BEND, Ore. — Cap and trade is all but certain to pass the Democrat-controlled Oregon Legislature in 2019, whether rural Oregonians like it nor not, says state Sen. Cliff Bentz, R-Ontario.
Bentz provided an update of cap and trade legislation Dec. 1 at the Oregon Cattlemen's Association annual convention in Bend, Ore., telling conservative ranchers they must realize their political limitations and focus on making the law work for them.
"You can stand and yell, but it's not going to stop cap and trade from passing," Bentz said.
Under cap and trade, the state would implement a limit on carbon emissions beginning in 2021, which gradually lowers over the course of 30 years. Companies can buy credits on the open market to exceed the limit, and money raised by the program would go into a funding pool for climate-friendly initiatives.
Multiple agricultural groups — including the Oregon Cattlemen's Association, Oregon Farm Bureau and Northwest Food Processors Association — oppose cap and trade, arguing the proposal will raise fuel prices without making a dent in global carbon emissions.
The bill aims to reduce Oregon's emissions from 55 million tons of carbon dioxide each year, to 10 million tons. But as Bentz was quick to point out, those savings are 0.125 percent of global emissions, which total 36 billion tons of carbon dioxide annually.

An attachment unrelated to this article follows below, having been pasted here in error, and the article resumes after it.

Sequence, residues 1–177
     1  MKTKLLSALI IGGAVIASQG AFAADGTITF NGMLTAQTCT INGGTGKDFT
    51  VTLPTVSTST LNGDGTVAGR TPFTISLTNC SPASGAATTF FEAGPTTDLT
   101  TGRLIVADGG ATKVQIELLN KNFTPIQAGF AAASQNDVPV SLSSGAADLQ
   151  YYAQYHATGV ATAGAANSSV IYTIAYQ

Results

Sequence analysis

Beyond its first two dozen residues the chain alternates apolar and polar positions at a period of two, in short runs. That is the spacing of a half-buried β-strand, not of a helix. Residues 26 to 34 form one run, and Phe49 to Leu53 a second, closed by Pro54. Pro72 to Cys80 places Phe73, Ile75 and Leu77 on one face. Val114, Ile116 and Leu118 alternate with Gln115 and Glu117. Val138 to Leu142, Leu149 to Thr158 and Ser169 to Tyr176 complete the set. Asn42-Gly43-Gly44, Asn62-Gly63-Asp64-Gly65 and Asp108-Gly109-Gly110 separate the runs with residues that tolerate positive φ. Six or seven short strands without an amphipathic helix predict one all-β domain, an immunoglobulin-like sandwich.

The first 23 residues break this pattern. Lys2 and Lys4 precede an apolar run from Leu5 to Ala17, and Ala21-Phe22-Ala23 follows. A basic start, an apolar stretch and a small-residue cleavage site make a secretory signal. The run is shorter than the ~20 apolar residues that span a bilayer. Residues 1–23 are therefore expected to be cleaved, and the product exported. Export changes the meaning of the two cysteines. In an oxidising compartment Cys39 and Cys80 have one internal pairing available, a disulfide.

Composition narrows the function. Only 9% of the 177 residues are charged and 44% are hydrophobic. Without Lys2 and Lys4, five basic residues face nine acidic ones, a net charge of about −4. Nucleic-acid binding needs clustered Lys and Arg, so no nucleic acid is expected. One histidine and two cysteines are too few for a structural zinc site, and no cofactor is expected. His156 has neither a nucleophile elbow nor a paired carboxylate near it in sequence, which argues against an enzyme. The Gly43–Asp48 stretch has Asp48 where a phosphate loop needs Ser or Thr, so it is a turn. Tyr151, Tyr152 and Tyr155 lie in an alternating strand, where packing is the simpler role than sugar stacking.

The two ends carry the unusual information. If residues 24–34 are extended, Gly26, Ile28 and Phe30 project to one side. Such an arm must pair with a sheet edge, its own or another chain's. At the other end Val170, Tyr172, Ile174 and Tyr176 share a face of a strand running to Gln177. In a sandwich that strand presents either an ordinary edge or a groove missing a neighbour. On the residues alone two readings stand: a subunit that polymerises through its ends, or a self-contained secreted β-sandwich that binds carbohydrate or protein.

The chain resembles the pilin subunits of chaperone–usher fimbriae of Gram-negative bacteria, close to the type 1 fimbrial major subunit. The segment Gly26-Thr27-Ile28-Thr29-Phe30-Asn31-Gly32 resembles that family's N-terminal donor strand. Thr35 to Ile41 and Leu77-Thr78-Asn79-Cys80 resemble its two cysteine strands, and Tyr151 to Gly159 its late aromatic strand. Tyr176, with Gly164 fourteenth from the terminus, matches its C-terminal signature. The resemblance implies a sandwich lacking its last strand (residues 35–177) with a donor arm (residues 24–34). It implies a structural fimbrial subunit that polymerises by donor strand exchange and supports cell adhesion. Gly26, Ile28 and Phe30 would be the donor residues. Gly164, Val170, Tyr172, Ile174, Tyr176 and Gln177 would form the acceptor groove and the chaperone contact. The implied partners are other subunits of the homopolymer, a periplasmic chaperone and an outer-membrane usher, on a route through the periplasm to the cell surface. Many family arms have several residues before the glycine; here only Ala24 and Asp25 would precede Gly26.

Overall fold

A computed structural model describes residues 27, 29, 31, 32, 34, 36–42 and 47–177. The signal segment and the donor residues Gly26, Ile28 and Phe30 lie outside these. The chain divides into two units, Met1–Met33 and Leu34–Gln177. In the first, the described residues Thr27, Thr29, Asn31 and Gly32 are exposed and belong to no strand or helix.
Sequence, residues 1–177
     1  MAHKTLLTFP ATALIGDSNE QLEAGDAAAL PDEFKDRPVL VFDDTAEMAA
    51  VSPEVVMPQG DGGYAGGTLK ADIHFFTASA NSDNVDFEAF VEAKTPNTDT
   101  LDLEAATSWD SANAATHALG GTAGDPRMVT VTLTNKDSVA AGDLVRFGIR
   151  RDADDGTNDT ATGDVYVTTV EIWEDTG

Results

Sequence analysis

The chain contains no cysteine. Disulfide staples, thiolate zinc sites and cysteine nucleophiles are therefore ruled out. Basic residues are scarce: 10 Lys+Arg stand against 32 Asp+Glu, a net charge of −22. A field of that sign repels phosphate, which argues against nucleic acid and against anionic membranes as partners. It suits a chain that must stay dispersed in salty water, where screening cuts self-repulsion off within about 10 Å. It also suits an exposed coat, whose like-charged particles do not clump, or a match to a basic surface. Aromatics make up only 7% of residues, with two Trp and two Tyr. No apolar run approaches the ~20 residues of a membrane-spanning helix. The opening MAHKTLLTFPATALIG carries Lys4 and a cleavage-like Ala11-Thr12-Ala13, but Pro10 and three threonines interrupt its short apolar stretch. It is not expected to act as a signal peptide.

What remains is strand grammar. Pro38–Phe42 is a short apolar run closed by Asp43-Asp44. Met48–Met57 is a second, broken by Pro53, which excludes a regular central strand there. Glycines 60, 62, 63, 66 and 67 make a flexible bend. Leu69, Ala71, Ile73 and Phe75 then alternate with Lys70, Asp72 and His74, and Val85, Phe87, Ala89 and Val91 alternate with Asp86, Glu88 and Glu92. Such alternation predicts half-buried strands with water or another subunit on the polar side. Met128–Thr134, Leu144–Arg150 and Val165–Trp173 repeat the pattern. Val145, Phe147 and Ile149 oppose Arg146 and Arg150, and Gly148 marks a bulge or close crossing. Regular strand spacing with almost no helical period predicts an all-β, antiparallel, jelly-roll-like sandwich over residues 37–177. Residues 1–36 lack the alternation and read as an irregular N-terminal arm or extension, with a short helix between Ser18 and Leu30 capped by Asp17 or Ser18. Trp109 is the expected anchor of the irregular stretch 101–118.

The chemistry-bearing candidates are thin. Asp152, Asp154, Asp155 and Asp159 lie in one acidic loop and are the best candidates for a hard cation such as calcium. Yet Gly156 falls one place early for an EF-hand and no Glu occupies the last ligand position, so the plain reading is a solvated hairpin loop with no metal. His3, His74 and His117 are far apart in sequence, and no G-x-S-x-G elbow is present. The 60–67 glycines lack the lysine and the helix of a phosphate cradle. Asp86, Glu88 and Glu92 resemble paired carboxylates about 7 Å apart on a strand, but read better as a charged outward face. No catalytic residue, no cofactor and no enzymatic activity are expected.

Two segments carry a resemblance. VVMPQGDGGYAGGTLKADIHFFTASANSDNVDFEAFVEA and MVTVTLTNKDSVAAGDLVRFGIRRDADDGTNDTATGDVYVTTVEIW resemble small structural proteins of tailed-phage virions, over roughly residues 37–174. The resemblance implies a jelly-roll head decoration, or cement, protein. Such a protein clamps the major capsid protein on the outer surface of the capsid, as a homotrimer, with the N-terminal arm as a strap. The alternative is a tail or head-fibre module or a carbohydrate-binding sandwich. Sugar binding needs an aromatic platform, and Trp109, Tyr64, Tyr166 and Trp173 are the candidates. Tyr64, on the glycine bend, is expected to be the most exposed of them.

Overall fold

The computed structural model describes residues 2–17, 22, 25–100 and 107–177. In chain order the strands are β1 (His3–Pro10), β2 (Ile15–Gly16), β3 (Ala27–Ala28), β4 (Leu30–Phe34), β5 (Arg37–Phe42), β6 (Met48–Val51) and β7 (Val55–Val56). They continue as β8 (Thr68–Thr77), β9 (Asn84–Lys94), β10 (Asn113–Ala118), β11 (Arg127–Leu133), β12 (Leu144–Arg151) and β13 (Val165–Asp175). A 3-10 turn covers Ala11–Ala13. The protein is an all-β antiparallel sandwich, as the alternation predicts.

"This will not resolve climate issues," he said.
Meanwhile, Bentz said fuel providers will buy allowances to exceed the carbon cap at $16 per ton of carbon dioxide, which he calculated will increase the price of gas by 14 cents per gallon in the program's first year.
That does not mean Oregon should do nothing to address climate change, Bentz said. According to NASA, the average global temperature has risen by 1.4 degrees Fahrenheit since 1880, and the last four years have ranked as the warmest on record. The results are reduced snowpack, increasing drought and bigger wildfires burning across the West.
Bentz said lawmakers should focus on policies that resonate globally, without hindering local farms and businesses. He previously advocated a revenue-neutral carbon tax, but the Legislature, where Democrats hold a supermajority, appears set on putting a price on carbon instead.
Bentz said the odds of cap and trade passing the 2019 Legislature are 95 percent.
"We Republicans are not in control," he said. "I cannot stop this bill. This bill is going to pass."
The bill language has been postponed, Bentz said, after Gov. Kate Brown released her budget and policy agenda that proposes creating a new Oregon Climate Authority to take the place of the Department of Energy and Carbon Policy Office. The Oregon Climate Authority will include the cap and trade marketplace, greenhouse gas emissions reporting and accounting.
The question now, Bentz said, is how they can design the program to do the least amount of economic damage possible. He pointed to markets for offset projects that would allow ranchers and private timber owners to sell "sequestration credits," locking carbon into trees and rangeland, as a possible resource.
Bentz said the time has come to "stop with the outrage, and stop with the screaming," and instead focus on how do we craft the bill correctly.
"Let's figure out how to make this situation work for us," he said. "That's what I'm trying to do."